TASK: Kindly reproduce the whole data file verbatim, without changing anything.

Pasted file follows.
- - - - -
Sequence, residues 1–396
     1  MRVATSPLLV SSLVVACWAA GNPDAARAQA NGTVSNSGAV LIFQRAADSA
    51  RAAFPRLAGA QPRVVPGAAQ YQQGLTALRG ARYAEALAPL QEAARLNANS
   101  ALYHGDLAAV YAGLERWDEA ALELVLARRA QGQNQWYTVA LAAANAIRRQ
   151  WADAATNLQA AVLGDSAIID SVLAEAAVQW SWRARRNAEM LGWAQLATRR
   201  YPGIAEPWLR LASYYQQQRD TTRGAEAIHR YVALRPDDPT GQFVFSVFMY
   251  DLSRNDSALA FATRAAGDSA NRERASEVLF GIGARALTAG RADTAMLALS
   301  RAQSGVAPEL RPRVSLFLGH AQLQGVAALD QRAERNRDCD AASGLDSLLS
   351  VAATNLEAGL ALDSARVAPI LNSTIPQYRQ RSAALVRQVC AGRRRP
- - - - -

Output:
Sequence, residues 1–396
     1  MRVATSPLLV SSLVVACWAA GNPDAARAQA NGTVSNSGAV LIFQRAADSA
    51  RAAFPRLAGA QPRVVPGAAQ YQQGLTALRG ARYAEALAPL QEAARLNANS
   101  ALYHGDLAAV YAGLERWDEA ALELVLARRA QGQNQWYTVA LAAANAIRRQ
   151  WADAATNLQA AVLGDSAIID SVLAEAAVQW SWRARRNAEM LGWAQLATRR
   201  YPGIAEPWLR LASYYQQQRD TTRGAEAIHR YVALRPDDPT GQFVFSVFMY
   251  DLSRNDSALA FATRAAGDSA NRERASEVLF GIGARALTAG RADTAMLALS
   301  RAQSGVAPEL RPRVSLFLGH AQLQGVAALD QRAERNRDCD AASGLDSLLS
   351  VAATNLEAGL ALDSARVAPI LNSTIPQYRQ RSAALVRQVC AGRRRP